Plain radiographs of the hip and pelvis were obtained but did not demonstrate any overt pathology (Figure 1). A direct MR arthrogram showed extensive bone marrow edema with a small 7×6-mm subchondral lesion in the cephalad aspect of the femoral head. The well-defined lesion did not produce any defect in the overlying cartilage.

    Figure 1. Initial anteroposterior pelvis (left) and frog leg lateral (right) views of the patient’s right hip.

    Over the next 6 weeks, the patient’s pain worsened despite her being non-weight-bearing. Repeat MRI demonstrated significant marrow edema in the right proximal femur, as well as a slight increase in the size of the previously noted subchondral lesion, which now measured 9×7 mm (Figure 2).

    Figure 2. Coronal (top left) and axial (top right) T2 fat-saturated images show marrow edema and a right hip effusion along with a well-defined hyperintense lesion within the right femoral epiphysis. Coronal (bottom) T1-weighted image demonstrates a well-defined, hypointense lesion in the right femoral epiphysis.

    Diagnosis

    Given the clinical presentation and the radiographic evidence of a well-defined circular lesion of the epiphysis, the differential diagnosis was narrowed down to either osteoid osteoma or chondroblastoma.

    Treatment

    Attempting radiofrequency ablation would have greatly increased the risk of articular damage and femoral head collapse due to the proximity of the lesion to the weight-bearing articular surface of the proximal femur. Instead, surgical treatment consisted of curettage and bone grafting utilizing surgical dislocation of the hip to ensure complete intralesional excision.

    • A posterior approach with a trochanteric flip osteotomy was performed to provide sufficient access to the joint capsule. In doing so, the external rotators were preserved and the medial femoral circumflex artery was protected by the obturator externus.
    • An anterolateral capsulotomy was performed and the hip was dislocated anteriorly with flexion and external rotation of the leg. Both the femoral head and the acetabulum were viewed completely without any interference.
    • The lesion was easily located and thorough curettage was performed while maintaining the integrity of the articular surface.
    • Bone graft was packed into the resulting defect and successful reduction was accomplished by manual traction and internal rotation.
    • The greater trochanter was reattached using 2 cortical screws (Figure 3).

    Figure 3. Radiographs at 1 year postoperatively.

    Postoperative Follow-up

    The patient had an uneventful postoperative course. After the initial postoperative rehabilitation period, the patient was able to return to a competitive level of sports.

    At the 2-year follow-up visit, the patient had no evidence of recurrence. She had excellent hip function with only some mild but persistent trochanteric bursitis, which was effectively treated with screw removal.

    Discussion

    Surgical removal of femoral head tumors presents many challenges, not only in preserving the integrity of the physis in younger patients, but also in achieving complete resection in a relatively inaccessible area. Although studies have argued that an open growth plate is not correlated with increased tumor recurrence, [1,2,4,14,19] Salihan et al [24] demonstrated poor functional outcomes in 32% of patients with an open physis following curettage.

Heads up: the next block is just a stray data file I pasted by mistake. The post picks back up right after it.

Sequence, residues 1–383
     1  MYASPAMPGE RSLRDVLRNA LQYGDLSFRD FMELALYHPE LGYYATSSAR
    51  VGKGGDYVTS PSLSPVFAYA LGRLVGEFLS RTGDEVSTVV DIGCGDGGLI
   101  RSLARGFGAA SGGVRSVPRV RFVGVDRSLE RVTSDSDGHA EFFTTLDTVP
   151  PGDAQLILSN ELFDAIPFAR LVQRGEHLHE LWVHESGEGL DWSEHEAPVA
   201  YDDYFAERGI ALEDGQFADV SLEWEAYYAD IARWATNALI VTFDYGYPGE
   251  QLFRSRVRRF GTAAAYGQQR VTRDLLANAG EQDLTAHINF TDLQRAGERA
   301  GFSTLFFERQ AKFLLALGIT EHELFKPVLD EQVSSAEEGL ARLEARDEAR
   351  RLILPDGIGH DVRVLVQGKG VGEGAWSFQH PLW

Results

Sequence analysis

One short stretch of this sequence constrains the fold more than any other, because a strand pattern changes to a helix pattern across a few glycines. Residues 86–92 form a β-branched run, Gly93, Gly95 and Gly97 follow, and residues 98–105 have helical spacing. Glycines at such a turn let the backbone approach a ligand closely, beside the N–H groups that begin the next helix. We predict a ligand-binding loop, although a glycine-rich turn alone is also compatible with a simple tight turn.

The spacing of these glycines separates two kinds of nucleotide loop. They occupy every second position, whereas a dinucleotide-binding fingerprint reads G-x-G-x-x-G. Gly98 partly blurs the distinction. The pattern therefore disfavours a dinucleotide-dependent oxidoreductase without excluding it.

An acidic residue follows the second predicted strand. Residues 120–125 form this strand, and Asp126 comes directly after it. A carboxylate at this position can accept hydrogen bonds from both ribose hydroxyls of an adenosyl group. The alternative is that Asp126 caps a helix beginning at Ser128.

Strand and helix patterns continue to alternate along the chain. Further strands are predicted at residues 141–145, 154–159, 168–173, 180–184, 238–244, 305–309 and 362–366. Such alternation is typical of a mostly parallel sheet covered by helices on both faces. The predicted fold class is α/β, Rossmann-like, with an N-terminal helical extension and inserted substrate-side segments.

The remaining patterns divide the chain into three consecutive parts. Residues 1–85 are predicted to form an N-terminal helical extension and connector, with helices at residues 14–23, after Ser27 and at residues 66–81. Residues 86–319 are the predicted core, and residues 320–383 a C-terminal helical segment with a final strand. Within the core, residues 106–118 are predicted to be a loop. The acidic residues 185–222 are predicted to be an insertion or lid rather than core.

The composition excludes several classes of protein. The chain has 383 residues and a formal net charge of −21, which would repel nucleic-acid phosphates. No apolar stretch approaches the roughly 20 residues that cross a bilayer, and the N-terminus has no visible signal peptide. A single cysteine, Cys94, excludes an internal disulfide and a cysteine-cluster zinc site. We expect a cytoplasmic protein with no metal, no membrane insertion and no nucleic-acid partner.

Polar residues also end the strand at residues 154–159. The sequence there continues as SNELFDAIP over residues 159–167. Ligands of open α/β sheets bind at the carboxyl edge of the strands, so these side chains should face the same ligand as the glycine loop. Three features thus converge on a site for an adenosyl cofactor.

The traditional approach for removal of chondroblastomas has been to access the tumor through the base of the femoral neck or through the greater trochanter. This approach provides limited exposure to the lesion, potentially accounting for a large number of tumor recurrences. [24] It has also resulted in several undesirable effects, such as seeding of the tumor, epiphyseal damage, angular deformities, and leg length discrepancies. [2,17,24,30]

    Arthroscopy has produced good results in select cases when used as an adjunct in resecting femoral head tumors. [35,36] This method, however, has been shown to be technically challenging and associated with higher rates of damage to the articular cartilage. [17,19,30] Iwai described a trap door procedure to access the femoral head; however, this procedure can result in osteonecrosis and permanent damage to the articular surface. [5,37]

    Several authors have described the use of radiofrequency ablation, which has had very positive results in small tumors that are not located in major weight-bearing areas, [38-40] and it remains a good potential treatment option, although data are still limited. The concern with radiofrequency ablation is potential damage to the overlying normal articular cartilage from the procedure.

    The relative inaccessibility of chondroblastomas located in the periacetabular region, coupled with their inherent biologic propensity to behave more aggressively, highlights the need for thorough and complete removal. Studies by Ramappa et al [19] and Lin et al [17] emphasize the correlation between periacetabular tumors and a marked increase in recurrence, malignant transformation, and metastasis. However, for this tumor, local recurrence may not necessarily be indicative of a more aggressive biology, as this behavior may also result from inadequate initial removal.

    Conclusion

    Surgical dislocation of the femur allows complete visualization of the femoral head and the acetabulum, which provides the best method to perform a complete intralesional curettage while minimizing iatrogenic complications. This method of access offers promise for improved outcomes of benign femoral head tumors including chondroblastomas.

    Author Information

    Daniel Baquet and Keenan Sobol are medical students at Sidney Kimmel Medical College at Thomas Jefferson University, Philadelphia, Pennsylvania. John A. Abraham, MD, is an Associate Professor of Orthopaedic Surgery and Director of the Musculoskeletal Oncology Center at Thomas Jefferson University Hospital and the Kimmel Cancer Center, Philadelphia, Pennsylvania.

    Adult Reconstruction Section Editor, Rothman Institute Grand Rounds

    P. Maxwell Courtney, MD

    Disclosures

    The authors have no disclosures relevant to this article.